I won't comment on the lifestyle-type issues. Every family is different, and you probably aren't looking for life advice on a sailing board.
Here's something boatwise to think about. A catamaran. Many traditionalists think them anathema, but for cruising, particularly with kids, it's a very good platform. I'm a monohull sailor myself, so I'm speaking from limited experience (not none, but not extensive) and a decent amount of research (we're considering a cat for our next boat for our own sabbatical a number of years out, but we haven't yet decided, and still haven't decided whether we even want to give up our Miracle). Here's some of what you get with a cat:
1. Privacy for all. The typical owner's version layout puts an owner's master in one hull, and then the other hull has two private cabins, on opposite ends, both sharing a head or some with two heads. If you've got two kids, particularly of the opposite sex, you can't do better than that. All of you will having cabins in opposite ends of the boat with plenty of space between you. Don't underestimate that.
2. Level. One of the biggest draws to some. No healing.
3. Stability. This is related to "level," but a little different. The boat won't roll. It will have a different motion, and maybe a little herky-jerky, but it won't roll and have exaggerated yaw. That motion often (not always of course) is what makes people sick. It may very well help limit seasickness. Likewise, if you're in a rolly anchorage, you'll be stable while all the monohulls are all over the place. I've been there, and know I will continue to be, and that part ain't fun.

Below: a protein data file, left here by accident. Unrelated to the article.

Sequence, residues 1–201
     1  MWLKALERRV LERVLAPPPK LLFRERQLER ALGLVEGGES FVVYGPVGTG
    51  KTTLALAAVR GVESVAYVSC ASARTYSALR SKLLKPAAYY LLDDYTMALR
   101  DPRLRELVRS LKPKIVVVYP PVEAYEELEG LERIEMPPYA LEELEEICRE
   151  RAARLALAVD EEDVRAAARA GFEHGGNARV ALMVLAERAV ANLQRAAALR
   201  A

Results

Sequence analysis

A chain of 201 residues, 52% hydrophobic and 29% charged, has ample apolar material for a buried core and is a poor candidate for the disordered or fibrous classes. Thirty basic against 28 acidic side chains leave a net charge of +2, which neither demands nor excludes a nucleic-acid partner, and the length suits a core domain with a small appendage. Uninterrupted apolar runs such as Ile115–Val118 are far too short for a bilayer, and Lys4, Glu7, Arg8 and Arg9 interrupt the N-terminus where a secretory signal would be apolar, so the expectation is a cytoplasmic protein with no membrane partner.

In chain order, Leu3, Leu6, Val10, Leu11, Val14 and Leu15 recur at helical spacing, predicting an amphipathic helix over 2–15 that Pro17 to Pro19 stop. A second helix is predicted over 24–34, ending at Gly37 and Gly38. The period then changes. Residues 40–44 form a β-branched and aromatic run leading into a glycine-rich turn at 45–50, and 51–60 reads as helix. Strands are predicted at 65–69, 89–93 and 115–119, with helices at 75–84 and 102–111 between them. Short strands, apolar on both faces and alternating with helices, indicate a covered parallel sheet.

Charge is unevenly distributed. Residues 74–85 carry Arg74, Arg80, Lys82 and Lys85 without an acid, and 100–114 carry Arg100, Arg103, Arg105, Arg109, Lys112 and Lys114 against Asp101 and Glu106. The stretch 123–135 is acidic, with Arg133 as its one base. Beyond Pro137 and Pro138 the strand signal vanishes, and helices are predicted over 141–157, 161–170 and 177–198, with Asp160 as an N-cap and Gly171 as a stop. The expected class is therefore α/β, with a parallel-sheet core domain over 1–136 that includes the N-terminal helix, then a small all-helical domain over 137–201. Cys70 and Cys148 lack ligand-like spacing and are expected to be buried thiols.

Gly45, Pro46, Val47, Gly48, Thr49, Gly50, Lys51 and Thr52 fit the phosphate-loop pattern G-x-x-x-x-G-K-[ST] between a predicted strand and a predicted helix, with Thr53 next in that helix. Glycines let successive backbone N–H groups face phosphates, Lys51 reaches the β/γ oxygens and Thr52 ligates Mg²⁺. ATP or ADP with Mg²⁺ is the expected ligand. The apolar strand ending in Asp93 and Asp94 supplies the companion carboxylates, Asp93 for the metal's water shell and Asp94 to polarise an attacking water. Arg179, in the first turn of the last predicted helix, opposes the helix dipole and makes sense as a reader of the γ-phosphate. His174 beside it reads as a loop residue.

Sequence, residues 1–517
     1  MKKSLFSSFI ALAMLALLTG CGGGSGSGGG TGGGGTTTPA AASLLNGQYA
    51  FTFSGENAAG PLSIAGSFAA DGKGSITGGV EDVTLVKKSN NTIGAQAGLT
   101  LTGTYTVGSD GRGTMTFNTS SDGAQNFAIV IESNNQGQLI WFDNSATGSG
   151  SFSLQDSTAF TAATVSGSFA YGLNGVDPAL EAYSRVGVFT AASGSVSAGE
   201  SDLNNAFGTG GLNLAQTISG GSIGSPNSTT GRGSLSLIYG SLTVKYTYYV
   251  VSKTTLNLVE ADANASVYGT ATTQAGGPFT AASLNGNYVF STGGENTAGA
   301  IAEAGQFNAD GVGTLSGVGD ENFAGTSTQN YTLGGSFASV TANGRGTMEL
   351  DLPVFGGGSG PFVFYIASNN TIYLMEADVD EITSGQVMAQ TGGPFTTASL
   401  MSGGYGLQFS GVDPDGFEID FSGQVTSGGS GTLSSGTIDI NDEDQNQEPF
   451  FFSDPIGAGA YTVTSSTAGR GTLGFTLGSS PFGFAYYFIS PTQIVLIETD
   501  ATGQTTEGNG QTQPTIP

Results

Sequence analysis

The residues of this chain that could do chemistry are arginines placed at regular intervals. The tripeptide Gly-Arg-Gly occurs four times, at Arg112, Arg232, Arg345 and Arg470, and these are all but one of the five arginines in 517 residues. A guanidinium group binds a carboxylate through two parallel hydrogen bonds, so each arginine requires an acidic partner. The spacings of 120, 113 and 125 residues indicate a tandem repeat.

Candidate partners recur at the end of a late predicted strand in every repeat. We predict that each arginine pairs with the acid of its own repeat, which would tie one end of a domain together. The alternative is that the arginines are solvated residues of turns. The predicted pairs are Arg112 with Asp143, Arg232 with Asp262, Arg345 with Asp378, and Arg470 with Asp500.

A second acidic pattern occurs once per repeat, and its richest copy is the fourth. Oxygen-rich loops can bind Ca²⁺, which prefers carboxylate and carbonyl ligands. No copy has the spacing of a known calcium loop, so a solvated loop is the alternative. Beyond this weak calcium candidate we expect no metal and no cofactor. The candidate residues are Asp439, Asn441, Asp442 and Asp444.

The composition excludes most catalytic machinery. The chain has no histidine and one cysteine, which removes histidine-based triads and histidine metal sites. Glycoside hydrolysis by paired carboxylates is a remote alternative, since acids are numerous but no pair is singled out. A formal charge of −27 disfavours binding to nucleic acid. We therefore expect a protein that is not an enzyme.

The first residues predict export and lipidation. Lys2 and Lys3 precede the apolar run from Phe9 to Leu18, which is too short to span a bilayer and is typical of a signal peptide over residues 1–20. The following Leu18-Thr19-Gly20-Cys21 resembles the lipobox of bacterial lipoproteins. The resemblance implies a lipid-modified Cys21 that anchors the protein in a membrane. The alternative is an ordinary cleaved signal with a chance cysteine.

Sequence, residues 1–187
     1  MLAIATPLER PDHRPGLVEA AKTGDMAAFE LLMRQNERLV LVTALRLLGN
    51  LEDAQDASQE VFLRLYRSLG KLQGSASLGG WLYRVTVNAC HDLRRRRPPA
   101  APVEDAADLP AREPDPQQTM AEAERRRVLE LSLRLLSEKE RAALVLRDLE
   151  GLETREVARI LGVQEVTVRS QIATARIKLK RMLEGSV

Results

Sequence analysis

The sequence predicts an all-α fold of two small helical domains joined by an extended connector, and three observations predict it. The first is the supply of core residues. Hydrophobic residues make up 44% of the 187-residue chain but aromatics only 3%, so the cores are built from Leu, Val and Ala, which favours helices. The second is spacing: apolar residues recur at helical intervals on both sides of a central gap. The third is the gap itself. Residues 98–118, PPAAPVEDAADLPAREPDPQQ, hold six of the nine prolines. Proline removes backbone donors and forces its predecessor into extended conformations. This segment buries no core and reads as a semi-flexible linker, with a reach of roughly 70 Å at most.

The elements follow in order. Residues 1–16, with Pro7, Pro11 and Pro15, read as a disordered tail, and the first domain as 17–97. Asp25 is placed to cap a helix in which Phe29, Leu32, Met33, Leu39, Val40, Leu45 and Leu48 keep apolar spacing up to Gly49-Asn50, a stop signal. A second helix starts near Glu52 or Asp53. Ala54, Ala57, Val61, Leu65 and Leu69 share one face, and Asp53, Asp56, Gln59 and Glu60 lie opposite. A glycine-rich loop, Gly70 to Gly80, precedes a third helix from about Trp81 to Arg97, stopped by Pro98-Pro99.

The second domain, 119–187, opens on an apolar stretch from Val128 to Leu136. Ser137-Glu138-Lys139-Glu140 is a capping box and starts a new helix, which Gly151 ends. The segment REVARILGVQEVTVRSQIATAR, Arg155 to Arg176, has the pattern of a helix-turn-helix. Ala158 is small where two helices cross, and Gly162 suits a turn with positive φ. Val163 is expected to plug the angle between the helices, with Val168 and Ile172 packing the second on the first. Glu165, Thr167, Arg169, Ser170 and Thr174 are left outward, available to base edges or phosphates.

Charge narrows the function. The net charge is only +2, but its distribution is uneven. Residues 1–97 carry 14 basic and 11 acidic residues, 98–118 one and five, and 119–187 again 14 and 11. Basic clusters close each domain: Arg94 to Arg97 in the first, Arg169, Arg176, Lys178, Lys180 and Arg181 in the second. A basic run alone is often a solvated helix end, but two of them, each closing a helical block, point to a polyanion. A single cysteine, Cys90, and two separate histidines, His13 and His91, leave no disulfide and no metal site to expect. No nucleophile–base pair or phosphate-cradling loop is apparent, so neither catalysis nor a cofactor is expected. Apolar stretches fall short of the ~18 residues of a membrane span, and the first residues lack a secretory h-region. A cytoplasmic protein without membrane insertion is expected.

4. Space. The cockpits are huge, the saloons are huge, the decks are huge. If you're living aboard and cruising, you'll spend the overwhelming majority of your time on the hook, and having that kind of space will be very important, particularly considering you will have kids.
5. Speed. If you really load down a cat it's performance will suffer greatly. But, if you're reasonably careful and get a boat designed to handle the payload you plan to have, you will sail a lot faster. That means less time at sea, which means you will have less exposure to adverse weather.
6. Draft. Most cruising cats draw 4' or less. That will get you into a lot of places you wouldn't be able to go in a prototypical monohull. If you want to go to the Bahamas, that's a key consideration.
There are other plusses, and certainly there are minuses, but this thread is not about cats v. monos.
Just something to consider. Here's a link to friends of ours who sold up and went cruising on their Manta 42 with two kids. http://mapsjohnson.com/index.html